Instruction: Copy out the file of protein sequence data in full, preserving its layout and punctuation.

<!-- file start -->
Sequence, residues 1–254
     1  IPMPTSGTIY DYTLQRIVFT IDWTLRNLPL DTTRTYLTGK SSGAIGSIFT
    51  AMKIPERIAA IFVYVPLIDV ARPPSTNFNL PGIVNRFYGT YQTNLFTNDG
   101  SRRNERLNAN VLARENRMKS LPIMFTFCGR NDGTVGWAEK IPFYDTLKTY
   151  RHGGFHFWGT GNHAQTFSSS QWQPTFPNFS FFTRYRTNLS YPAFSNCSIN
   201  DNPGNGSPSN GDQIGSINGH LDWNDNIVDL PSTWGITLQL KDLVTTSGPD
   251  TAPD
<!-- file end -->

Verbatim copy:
Sequence, residues 1–254
     1  IPMPTSGTIY DYTLQRIVFT IDWTLRNLPL DTTRTYLTGK SSGAIGSIFT
    51  AMKIPERIAA IFVYVPLIDV ARPPSTNFNL PGIVNRFYGT YQTNLFTNDG
   101  SRRNERLNAN VLARENRMKS LPIMFTFCGR NDGTVGWAEK IPFYDTLKTY
   151  RHGGFHFWGT GNHAQTFSSS QWQPTFPNFS FFTRYRTNLS YPAFSNCSIN
   201  DNPGNGSPSN GDQIGSINGH LDWNDNIVDL PSTWGITLQL KDLVTTSGPD
   251  TAPD